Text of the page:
(Tech stock columnist Jon D. Markman publishes Strategic Advantage, a lively guide to investing in the digital transformation of business and society. Click here for a trial.)
Thousands of unfinished pickup trucks are piling up at a Kentucky speedway, a testament to a global chip shortage. Investors should not worry. It’s yesterday’s news.
Managers at Ford ( (F) - Get Report) were all smiles last Thursday at the official reveal for the Lightning, an electric version of their famous F-150 pickup truck. The grins were warranted. This is the new Ford.
It’s no surprise that on Friday the stock price shot almost 7% higher. There is more ahead.
The auto sector is in a strange place. A major transition is underway as all of the leading manufacturers shift from internal combustion engines to electric power plants. It’s a big deal. Electric vehicles require less maintenance than their ICE counterparts, a big part of the business model for the new car and truck dealerships scattered across the country.
Business managers at Ford and the rest of the automotive world need to figure out a way to make the transition to EVs without starving their affiliated dealers and repair shops.
The solution seems to be transition EVs.
When it arrives in 2022 the new Lightning will sit side by side with the gas and diesel powered F-150s that have been the best selling vehicles in America since 1981. Yet Lightning, starting at less than $40,000, will clearly be the best of breed in terms of towing capacity, torque and flat out acceleration. Even with its massive 6,500 pound bodyweight Lightning is still capable of bolting to 60 mph in a sportscar-like middle 4 second range.
The vehicle will have all of the advanced features of supercars, too. Product managers said the truck will come equipped with level-2 autonomous driving, bringing handsfree highway lane changes and over the air software updates for future new features like even better acceleration and longer range.
The oddity of the transition to EVs is that despite their digital foundation, next generation plug-ins are less reliant on the chips responsible for the current tumult in the global automotive sector. Those processors are mostly older configurations that convert analog signals to digital.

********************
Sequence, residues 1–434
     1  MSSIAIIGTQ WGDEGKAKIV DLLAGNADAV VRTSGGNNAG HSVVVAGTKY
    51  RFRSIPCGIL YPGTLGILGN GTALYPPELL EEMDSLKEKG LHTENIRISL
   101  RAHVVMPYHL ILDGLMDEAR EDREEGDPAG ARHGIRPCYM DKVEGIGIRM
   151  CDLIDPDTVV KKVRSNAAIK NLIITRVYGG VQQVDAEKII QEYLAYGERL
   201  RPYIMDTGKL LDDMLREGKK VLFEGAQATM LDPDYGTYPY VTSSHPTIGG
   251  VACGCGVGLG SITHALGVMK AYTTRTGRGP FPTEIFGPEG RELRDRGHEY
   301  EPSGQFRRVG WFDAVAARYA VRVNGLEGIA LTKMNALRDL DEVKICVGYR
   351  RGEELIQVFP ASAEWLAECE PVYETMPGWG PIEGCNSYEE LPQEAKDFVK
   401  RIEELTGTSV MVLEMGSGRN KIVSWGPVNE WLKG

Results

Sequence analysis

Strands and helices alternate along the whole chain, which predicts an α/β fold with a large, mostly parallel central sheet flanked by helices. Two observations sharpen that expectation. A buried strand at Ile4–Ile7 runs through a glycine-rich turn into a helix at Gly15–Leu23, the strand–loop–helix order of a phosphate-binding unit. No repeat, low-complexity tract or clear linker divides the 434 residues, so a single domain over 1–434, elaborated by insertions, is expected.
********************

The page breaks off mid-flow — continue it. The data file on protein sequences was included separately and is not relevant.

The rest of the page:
The F-150s sitting at the Kentucky speedway are good-to-go other than a chips that control their speedometers and legacy antilock braking systems.
Jim Farley, chief executive, said in a press release in February the chip shortage could cost the company up to 20% of first quarter production, or $1 billion to $2.5 billion in profits. And Bloomberg report noted that auto sector analysts expect the shortage may last until the third quarter, resulting in 700,000 few vehicles sold and lost industry profits of $61 billion.
Clearly there is a disconnect between what is happening on the ground and share prices. There is good reason.
Lightning represents where Ford is headed. EVs, even transitory ones that are a year away and look similar to existing ICE vehicles, represent important digital transformation at the Dearborn, Mich.-based company. It means analysts will shift to new valuation metrics that will make the old industrial giant assessed more like a tech company – ie on revenue and progress toward the EV goals, and not just earnings. ach inevitable bump is likely to be richly rewarded with higher share prices.
There is recent precedent.
Two years ago Disney ( (DIS) - Get Report) managers began the transition from theme parks, summer movies and sports broadcasting to subscription video on demand. Their timing was perfect. One year into the new business model the global pandemic forced the shuttering of their traditional businesses. Meanwhile work-from-home initiatives had millions lining up for the fledgling Disney+ SVOD.
Despite 9 quarters of weaker sales and sagging profitability, Disney shares soared higher on SVOD growth.
The same metric shift is happening with Ford shares in real time.
Farley noted on Friday morning that new orders for the Lightning topped 20,000 in only one day. Ford stock closed the session at $13.33, a near 7% gain, and the highest price in a decade. That is what hot tech stocks achieve, not old cyclicals. It’s a new day daddy-o.
Lightning is a clever vehicle by design.
It looks enough like the beloved F-150 to not spook traditionalists yet its EV foundation is sufficient to put Ford into the discussion about future technology. The Verge, a popular tech media outlet for millennials gushed about Lightning, calling it an electric truck for the masses. You know it’s gone mainstream when you see “Tonight Show” host Jimmy Fallon fawning over it in his comedy.
Investors should be aware that everything has changed. The share price is now a reflection of new technology development metrics like EV plant conversions, partnerships for charging networks, batteries and autonomous driving.
Ford is transforming from a boring rustbelt car company to a digital tech titan.
Investors, start your engines.